Title: Romanismy v Novém občanském zákoníku a jejich francouzské ekvivalenty
Other Titles: Romanisms in the Czech New Civil Code and their French Equivalents
Authors: Hodková, Kateřina
Citation: Acta Fakulty filozofické Západočeské univerzity v Plzni. 2020, č. 2, s. 61-82.
Issue Date: 2020
Publisher: Západočeská univerzita v Plzni
Document type: article
článek
URI: http://hdl.handle.net/11025/37016
ISSN: 1805-0364 (print)
2336-6346 (online)
Keywords: romanismy;půjčování slov;terminologie;etymologie;Nový občanský zákoník;koncepční ekvivalence
Keywords in different language: romanisms;loanwords;terminology;etymology;Nový občanský zákoník;conceptual equivalence
Abstract in different language: The purpose of this study is to present findings from original linguistic research, which combines two linguistic disciplines applied to language for specific purposes, more precisely to legal language: etymology and translatology. The study aims to draw a definitive conclusion regarding the presence of romanisms in the so-called Nový občanský zákoník (New Civil Code) of the Czech Republic while also trying to demonstrate the process of the translation of legal terms and the various obstacles that the translator may encounter. Special attention is also paid to the equivalence of legal concepts. The methodology was as follows: Firstly, romanisms were extracted from the text of Nový občanský zákoník; secondly, selected terms containing romanisms were translated into French using primarily existing French laws, and thirdly, the Czech terms and their French translations were compared from various perspectives. The proposed French translations were also compared to translations that can be found in the official French translation of Nový občanský zákoník in order to evaluate how appropriate the official translations are for legal concepts and existing French legal terminology. According to the findings of this research, it can be stated that the text of Nový občanský zákoník contains 32 romanisms in various forms and as parts of numerous terms. The romanisms were all of either French or Italian origin. As for the equivalence of concepts, the tested sample included examples of perfect equivalence, partial equivalence and zero equivalence. The obstacles encountered during the translation include partial and zero equivalence, missing legal definition, rivalry of multiple different translations, and others. The study also offers possible solutions to these problems. After examining the official translations, it was found that while some of the translations are usable without much problem, others can cause severe misinterpretations.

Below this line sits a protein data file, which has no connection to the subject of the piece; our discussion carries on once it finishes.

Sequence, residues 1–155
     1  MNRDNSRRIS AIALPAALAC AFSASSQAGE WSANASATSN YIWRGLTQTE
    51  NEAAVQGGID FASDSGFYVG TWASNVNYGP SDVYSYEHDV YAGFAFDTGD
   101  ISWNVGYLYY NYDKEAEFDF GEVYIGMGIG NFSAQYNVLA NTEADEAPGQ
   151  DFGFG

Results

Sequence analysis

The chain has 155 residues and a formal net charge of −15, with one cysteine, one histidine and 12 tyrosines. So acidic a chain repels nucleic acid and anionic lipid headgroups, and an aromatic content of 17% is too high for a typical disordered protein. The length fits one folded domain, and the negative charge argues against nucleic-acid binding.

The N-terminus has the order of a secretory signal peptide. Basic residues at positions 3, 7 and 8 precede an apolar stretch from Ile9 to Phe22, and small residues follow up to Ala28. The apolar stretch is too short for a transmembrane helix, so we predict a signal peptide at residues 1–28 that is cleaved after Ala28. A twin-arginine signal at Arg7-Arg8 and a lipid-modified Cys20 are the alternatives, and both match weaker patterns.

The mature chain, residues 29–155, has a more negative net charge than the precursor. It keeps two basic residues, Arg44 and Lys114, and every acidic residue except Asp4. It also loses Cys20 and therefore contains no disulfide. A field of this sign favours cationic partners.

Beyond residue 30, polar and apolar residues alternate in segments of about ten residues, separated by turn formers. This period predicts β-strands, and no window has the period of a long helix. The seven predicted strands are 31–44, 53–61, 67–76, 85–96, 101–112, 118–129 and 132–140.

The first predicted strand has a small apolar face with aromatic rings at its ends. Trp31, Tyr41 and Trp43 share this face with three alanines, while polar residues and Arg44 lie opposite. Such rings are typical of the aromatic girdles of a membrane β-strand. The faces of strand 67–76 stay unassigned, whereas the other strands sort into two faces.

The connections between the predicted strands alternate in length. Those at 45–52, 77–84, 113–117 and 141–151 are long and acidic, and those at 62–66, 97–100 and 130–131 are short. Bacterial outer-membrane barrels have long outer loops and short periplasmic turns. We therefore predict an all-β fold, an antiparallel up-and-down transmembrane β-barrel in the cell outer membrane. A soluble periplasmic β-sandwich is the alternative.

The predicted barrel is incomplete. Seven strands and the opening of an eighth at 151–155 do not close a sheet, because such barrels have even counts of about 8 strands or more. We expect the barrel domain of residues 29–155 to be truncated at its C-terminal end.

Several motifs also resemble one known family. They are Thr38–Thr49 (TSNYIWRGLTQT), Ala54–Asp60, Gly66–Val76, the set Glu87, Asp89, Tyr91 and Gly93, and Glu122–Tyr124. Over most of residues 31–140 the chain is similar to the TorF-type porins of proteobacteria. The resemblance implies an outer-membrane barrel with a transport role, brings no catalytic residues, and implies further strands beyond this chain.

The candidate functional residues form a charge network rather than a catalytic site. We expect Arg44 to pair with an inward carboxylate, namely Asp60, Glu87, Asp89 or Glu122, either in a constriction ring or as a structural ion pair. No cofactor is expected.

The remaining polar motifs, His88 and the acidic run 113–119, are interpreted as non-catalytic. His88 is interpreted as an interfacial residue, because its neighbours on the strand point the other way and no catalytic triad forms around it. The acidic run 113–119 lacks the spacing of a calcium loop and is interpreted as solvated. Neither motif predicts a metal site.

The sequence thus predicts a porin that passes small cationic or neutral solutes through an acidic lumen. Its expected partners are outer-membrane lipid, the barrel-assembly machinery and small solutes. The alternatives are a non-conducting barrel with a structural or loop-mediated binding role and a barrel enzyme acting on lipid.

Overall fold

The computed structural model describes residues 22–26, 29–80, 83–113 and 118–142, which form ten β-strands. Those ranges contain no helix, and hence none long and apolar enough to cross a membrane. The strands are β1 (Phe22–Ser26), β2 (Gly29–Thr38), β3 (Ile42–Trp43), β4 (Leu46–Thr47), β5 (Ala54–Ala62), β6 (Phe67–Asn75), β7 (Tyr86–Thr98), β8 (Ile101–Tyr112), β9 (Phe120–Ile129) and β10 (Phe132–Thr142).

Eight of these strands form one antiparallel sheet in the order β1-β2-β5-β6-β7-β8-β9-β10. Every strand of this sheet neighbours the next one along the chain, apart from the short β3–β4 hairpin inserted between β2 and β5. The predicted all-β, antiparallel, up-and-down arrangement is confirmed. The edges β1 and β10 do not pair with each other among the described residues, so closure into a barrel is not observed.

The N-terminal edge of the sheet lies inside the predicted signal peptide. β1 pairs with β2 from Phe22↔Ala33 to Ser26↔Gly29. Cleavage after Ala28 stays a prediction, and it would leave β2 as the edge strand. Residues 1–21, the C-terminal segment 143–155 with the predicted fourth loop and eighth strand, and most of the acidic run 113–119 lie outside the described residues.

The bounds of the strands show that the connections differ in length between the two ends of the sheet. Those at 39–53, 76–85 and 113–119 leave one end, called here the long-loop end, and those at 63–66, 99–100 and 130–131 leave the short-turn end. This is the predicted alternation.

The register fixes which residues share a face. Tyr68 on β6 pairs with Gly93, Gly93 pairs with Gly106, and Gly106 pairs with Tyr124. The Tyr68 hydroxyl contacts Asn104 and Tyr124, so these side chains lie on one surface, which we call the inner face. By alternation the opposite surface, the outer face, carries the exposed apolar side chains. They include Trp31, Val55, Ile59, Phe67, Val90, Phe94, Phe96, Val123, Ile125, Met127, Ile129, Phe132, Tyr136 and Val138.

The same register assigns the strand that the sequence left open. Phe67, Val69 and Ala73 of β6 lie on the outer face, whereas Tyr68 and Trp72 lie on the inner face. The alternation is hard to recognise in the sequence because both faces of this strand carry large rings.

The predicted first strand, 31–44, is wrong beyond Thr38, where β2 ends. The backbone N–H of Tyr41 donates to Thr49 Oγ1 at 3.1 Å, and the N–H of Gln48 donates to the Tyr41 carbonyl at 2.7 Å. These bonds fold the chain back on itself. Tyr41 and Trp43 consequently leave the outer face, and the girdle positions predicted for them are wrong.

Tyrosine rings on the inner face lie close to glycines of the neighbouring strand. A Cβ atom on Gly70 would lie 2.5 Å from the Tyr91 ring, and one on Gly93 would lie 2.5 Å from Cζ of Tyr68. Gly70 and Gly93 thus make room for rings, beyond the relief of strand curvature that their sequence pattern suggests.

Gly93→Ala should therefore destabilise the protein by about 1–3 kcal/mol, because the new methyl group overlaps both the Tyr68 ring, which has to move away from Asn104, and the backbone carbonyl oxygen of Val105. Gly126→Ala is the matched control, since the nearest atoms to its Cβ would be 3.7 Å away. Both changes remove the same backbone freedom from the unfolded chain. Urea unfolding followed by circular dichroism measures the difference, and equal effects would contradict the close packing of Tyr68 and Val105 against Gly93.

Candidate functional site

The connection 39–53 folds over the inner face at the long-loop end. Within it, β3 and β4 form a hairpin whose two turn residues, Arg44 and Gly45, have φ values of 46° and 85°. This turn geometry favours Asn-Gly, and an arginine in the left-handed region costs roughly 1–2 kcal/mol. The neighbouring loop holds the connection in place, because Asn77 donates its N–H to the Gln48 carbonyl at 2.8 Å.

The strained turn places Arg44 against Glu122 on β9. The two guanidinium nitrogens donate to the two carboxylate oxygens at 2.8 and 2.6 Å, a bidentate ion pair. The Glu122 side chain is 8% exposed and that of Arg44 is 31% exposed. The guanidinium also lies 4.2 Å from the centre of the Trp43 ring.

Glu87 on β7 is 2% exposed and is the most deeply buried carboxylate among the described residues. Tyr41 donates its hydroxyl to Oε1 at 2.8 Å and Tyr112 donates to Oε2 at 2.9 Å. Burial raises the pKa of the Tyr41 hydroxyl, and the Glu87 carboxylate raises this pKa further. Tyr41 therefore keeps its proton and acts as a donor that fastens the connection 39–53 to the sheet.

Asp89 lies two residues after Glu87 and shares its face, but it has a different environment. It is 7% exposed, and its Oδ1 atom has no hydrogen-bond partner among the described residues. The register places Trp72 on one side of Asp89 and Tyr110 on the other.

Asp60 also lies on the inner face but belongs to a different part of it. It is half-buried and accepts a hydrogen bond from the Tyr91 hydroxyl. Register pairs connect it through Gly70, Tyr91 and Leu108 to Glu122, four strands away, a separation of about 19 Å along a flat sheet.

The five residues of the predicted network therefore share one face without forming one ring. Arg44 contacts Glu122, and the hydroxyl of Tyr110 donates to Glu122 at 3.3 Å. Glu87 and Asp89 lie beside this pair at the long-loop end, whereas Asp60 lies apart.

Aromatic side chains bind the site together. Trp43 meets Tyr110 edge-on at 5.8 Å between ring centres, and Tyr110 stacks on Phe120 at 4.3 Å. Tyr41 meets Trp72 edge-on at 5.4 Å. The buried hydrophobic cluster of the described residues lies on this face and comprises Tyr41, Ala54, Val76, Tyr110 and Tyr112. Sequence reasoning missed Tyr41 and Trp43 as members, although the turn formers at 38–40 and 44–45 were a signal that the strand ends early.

Rights: © Západočeská univerzita v Plzni
Appears in Collections:Číslo 1 (2020)
Číslo 1 (2020)

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